A detailed description of development opportunities with Microsoft Azure Cloud Services

    Let's talk today about one of the fundamental services of the Microsoft Azure platform - Cloud Services.

    The main idea of Cloud Services is to implement a multi-level solution using one or more web roles and work roles (web role, worker role) for distributed processing of requests or data.

    So, the introductory definition: Cloud services Microsoft Azure is the ability to create multi-component applications, somewhat rethought in the direction of the role model and flexible scaling.

    For example, when the load increases, you can scale only the server-side handler, but leave the number of web frontend instances.

    General points and the main differences between Cloud Services and Web Sites, how each of the services implements a particular function or scenario can be found in the article Comparison of Azure websites, cloud services and virtual machines in Russian and in English .

    Cloud Services Architecture and Roles

    Consider the principle of a role model based on a typical Web application written using MVC (Model-View-Controller).
    • Presentation (Web user interface);
    • Controller (Business Logic Layer);
    • The data source access layer.

    Access to the application is carried out by the endpoint access point (HTTP or HTTPS).

    • The view changes its name to a Web role ;
    • Controller - on the Worker role ;
    • The data source access layer can be implemented inside a separate Worker role.

    To receive data from a presentation ( Web role ) by a handler-controller ( Worker role ), Middleware is traditionally used as a queue service.

    At the same time, Middleware can be, for example, Microsoft Azure Storage Queue or Microsoft Azure Service Bus.

    Using Middleware is a great example of developing fault tolerant distributed applications.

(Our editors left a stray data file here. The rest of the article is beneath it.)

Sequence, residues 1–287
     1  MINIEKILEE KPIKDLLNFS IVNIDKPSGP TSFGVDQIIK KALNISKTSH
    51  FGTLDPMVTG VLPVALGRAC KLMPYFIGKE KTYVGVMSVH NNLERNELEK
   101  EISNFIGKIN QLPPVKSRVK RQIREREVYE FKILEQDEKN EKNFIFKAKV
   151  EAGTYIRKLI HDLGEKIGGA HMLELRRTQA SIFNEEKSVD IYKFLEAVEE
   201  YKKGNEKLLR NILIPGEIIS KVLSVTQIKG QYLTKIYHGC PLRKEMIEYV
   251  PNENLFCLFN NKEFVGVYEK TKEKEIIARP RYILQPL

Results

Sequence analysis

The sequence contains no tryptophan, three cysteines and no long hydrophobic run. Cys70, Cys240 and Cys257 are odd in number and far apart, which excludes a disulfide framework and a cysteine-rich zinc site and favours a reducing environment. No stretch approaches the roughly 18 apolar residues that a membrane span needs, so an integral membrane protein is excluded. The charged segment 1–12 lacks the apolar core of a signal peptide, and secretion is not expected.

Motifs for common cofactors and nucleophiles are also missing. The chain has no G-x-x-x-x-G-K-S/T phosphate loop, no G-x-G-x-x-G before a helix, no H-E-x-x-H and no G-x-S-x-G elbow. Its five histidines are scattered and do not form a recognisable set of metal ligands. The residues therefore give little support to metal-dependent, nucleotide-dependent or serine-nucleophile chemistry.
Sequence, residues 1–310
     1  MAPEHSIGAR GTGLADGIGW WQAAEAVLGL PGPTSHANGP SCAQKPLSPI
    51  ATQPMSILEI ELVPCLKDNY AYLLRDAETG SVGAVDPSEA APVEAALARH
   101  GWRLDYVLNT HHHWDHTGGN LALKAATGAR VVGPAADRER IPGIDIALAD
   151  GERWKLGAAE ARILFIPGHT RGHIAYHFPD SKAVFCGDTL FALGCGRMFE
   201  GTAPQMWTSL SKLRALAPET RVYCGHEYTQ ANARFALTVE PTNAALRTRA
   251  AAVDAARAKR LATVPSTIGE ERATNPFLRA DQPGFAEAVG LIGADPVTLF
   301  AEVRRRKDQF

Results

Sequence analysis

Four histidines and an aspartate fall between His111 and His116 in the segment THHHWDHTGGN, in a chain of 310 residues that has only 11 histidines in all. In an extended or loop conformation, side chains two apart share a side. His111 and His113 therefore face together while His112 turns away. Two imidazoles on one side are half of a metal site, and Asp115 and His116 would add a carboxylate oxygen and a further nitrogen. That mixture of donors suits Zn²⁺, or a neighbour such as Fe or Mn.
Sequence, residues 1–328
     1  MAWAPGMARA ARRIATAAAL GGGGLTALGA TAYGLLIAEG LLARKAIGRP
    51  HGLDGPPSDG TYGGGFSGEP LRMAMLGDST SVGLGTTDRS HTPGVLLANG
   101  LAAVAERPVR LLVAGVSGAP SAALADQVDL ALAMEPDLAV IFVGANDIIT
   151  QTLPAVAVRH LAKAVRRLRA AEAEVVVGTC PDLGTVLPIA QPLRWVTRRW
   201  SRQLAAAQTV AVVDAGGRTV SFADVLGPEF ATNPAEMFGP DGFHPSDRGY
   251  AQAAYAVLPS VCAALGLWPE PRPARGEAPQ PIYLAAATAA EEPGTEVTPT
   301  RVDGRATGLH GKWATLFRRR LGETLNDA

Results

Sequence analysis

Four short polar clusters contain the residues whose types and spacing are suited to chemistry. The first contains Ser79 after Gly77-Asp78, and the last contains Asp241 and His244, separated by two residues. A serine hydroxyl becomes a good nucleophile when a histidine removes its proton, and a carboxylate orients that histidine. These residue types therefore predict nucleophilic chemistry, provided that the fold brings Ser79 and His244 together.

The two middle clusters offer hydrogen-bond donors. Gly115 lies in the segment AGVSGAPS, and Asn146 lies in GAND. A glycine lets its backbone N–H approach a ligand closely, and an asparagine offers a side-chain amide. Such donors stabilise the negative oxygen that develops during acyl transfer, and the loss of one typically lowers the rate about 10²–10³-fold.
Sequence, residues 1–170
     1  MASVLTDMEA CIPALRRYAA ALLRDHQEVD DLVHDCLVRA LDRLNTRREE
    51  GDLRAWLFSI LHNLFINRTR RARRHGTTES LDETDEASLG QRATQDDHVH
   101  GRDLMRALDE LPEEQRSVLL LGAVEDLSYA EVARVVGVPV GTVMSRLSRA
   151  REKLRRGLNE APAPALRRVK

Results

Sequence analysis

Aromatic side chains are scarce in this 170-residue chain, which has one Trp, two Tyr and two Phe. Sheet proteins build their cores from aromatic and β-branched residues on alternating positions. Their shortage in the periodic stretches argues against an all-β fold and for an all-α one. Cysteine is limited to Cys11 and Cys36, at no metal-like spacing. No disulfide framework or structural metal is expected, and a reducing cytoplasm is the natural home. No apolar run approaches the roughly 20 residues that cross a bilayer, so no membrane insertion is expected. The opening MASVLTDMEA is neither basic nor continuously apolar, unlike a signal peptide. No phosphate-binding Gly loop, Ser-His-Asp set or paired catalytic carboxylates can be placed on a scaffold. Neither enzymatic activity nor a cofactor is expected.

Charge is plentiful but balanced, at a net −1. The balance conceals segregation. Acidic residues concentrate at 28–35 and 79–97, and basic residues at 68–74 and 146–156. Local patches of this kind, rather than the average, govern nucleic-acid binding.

Instead of developing a tightly coupled system, for which the loss of one of the components (for example, a Web role) will mean that the entire system is inoperative and the data will be lost, the developer can use Middleware in Brokered Messaging mode.

    This means that the web roleit simply puts messages in the Middleware service (in the queue), where they are stored until the garbage collector deals with them, or until they are processed by the Worker role instances.

    At the same time, the Web role does not have a clue about how many handlers deal with messages coming from it, whether these handlers exist, whether they are offline or online, and does not know about the processing status of these messages (unless specifically provided for).

    Obviously, the connectivity of the system is significantly reduced, because now the failure of part of the system will not lead to the failure of the system as a whole.

    As you can see in the architecture diagram of Cloud Services, each of the roles exists in a number of instances that perform the same role function.

    This means that by clicking on the link to the Web site, the user can get to the first instance of the Web role, as well as to any other one located in the rotation of the load balancer .

    The types of roles and their main characteristics are described in detail below: